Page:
When most of us think of wedding flowers, we think of the bride’s bouquet, but there are many more floral elements to consider at your wedding.
Who are the flowers for?
- The bridesmaids may have smaller bouquets of their own
- The flower girls might need petals to scatter
- The mothers of the bride and groom often wear corsages, either at the wrist or pinned to their dress
- The bride and groom’s grandmothers can also have corsages
- The groom, his best man, the fathers of the the bride and groom, the grandfathers and ushers can all wear flowers in their buttonholes
No-one else’s flowers will be as elaborate as the bride’s bouquet, but they should contain the same flowers so that they are fully co-ordinated with her.
Where are they being placed?
The ceremony area and the reception area can both be decorated with flowers.
Possibilities for the ceremony include:
- entrance flowers
- tall, freestanding arrangements
- pew ends
- altar arrangements
- along the aisle edges
- the marriage register table
If you are having an outdoor wedding, you can decorate the structure you are getting married under as well.
For the reception, consider whether you want to have:
- a centrepiece for each table (including the head table)
- the evening buffet table might be able to re-use the flowers from the wedding breakfast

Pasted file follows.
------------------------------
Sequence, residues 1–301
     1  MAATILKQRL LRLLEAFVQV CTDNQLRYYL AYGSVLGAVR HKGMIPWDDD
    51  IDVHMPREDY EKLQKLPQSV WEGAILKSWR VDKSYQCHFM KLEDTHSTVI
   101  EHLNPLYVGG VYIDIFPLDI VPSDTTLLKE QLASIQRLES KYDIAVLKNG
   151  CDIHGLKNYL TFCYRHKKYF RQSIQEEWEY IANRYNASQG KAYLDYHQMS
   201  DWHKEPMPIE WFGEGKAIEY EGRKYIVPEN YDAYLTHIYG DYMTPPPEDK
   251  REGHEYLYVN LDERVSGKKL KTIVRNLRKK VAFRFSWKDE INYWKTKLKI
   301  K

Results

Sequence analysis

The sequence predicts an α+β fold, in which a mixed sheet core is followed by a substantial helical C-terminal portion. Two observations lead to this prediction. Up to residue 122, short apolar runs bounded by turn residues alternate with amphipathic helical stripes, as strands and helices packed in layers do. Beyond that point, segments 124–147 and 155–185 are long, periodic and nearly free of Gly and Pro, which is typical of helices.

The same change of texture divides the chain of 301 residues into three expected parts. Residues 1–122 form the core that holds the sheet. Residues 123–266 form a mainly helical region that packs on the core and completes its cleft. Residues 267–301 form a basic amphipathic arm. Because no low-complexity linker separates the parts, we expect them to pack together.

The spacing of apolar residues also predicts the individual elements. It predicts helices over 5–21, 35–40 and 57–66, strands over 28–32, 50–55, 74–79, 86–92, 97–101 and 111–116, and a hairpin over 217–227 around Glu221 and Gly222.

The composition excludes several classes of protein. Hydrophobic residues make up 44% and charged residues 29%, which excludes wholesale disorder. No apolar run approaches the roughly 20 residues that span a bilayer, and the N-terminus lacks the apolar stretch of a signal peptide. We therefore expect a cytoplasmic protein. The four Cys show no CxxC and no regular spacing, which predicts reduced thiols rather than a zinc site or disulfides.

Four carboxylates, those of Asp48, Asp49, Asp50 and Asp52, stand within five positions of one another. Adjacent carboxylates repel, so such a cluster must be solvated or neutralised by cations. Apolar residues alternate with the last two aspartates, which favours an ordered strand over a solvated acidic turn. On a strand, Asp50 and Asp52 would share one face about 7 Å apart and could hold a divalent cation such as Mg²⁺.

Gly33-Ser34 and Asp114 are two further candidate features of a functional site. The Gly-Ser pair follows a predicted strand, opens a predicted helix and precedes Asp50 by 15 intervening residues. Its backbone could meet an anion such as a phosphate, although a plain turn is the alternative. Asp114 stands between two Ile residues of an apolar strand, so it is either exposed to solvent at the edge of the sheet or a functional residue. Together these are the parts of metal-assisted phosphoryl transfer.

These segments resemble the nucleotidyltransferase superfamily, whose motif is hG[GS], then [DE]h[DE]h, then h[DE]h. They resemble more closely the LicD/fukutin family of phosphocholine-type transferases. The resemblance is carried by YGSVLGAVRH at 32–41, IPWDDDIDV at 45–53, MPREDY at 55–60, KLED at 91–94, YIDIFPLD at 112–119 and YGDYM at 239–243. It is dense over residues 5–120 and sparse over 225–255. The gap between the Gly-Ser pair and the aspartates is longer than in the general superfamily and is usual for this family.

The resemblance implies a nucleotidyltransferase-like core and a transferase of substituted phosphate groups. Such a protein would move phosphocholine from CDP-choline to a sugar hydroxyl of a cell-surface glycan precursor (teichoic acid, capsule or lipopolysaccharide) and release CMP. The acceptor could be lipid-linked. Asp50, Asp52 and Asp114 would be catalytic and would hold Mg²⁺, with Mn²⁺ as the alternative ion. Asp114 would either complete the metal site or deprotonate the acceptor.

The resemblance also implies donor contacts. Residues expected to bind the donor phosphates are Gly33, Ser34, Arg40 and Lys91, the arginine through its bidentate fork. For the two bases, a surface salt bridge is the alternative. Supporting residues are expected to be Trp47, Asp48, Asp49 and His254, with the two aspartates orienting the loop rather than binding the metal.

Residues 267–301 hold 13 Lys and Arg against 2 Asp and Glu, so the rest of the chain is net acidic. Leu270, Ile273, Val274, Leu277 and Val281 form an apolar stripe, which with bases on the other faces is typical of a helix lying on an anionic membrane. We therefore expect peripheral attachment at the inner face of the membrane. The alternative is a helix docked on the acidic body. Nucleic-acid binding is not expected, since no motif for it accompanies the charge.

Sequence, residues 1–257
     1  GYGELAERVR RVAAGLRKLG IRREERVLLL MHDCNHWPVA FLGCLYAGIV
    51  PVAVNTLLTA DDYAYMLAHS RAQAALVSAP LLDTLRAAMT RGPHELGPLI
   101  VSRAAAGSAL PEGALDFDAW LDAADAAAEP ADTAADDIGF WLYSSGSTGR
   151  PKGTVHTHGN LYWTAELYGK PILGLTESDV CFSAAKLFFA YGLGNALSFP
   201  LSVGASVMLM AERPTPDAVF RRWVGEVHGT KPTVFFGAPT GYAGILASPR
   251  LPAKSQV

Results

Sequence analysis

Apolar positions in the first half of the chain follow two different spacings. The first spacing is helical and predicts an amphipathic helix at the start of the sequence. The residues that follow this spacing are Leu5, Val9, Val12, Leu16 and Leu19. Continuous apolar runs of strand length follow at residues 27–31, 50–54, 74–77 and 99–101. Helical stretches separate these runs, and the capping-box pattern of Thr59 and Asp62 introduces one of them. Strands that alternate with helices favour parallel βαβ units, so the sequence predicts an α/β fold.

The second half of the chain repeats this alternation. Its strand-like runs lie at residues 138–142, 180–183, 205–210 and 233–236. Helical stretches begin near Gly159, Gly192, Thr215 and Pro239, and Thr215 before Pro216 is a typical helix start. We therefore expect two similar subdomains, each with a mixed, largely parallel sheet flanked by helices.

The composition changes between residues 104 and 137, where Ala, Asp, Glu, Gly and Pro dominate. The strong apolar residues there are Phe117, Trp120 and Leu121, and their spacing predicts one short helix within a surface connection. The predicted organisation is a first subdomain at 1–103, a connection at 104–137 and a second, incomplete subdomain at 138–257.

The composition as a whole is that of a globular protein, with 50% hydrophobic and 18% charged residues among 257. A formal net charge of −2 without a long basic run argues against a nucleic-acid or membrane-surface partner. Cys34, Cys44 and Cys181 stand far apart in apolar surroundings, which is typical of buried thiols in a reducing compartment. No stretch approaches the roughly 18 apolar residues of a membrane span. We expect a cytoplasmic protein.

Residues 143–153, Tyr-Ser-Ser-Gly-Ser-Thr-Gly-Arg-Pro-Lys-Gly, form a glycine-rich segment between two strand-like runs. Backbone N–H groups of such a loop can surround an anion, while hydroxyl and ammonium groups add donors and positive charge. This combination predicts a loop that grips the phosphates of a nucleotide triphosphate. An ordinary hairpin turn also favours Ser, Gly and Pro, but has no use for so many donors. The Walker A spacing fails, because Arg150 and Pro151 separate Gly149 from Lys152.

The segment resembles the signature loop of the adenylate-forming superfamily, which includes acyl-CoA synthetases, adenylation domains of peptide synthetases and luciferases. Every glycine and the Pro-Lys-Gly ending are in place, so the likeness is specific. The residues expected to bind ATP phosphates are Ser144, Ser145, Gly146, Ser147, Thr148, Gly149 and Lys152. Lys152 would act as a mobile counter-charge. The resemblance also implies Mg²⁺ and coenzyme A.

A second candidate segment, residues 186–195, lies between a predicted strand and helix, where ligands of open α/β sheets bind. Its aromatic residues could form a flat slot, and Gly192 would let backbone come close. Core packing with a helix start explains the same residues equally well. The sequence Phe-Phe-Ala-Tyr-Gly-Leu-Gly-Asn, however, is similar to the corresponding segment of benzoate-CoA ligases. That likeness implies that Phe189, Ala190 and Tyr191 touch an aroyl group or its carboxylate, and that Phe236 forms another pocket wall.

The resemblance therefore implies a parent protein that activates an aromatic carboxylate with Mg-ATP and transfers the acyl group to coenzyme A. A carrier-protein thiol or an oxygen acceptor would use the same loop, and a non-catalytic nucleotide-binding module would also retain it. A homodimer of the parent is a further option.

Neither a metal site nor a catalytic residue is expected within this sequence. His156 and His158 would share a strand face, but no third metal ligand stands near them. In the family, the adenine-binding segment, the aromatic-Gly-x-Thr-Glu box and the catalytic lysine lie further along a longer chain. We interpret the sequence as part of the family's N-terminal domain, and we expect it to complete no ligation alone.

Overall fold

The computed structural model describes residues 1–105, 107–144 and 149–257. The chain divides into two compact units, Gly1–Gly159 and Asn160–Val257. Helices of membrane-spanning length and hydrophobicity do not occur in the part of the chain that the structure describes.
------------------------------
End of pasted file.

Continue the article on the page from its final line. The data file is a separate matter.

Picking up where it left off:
- a small arrangement on the cake table, so long as it doesn’t detract from the cake!
- flowers to decorate the cake
Again, the flowers chosen for décor should co-ordinate with the bride’s bouquet to create a consistent theme.
What time of year will you get married?
Flowers that are out of season when you get married are considerably more expensive than those that are in season at the time. Refer to the list below for ideas, and ask your florist for recommendations.
Cosmos, hyacinth, hydrangea, jasmine, lilac, lily of the valley, mimosa, muscari, peony, poppy, sweet pea, tulip, viburnum, violet
Anemone, aster, calla lily, cornflower, dahlia, daisy, delphinium, gerbera, hydrangea larkspur, lavender, marigold, sunflower
Aster, calla lily, chrysanthemum, dahlia, fuchsia, hydrangea, lavender, marigold, sweet William
Amarylis, camelia, freesia, heather, holly, ivy, narcissus, poinsettia, ranunculus, tulip, viburnum
All year round
Anemone, baby’s breath, carnation, gardenia, iris, orchid, rose, sweet pea
And finally, the language of flowers
Most people are oblivious to this these days, but apparently in Victorian times using flowers to communicate feelings was widespread.
Here is a list of flowers, and what they represent
apple blossom hope
baby’s breath pure-heartedness
calla lily beauty
camellia perfect loveliness
carnation devotion or pure and deep love
heather future fortune
heliotrope devotion, faithfulness
hibiscus true beauty
ivy eternal fidelity
larkspur laughter, openheartedness
lily of the valley happiness
myrtle love and remembrance
orange blossom purity
orchid rare beauty
coral rose desire
red rose love, passion
white rose innocence
yellow rose friendship
violet modesty or faithfulness
Incorporating one or two of these flowers, if their meanings are particularly relevant to you is a nice, but little bit different, way to personalise your wedding.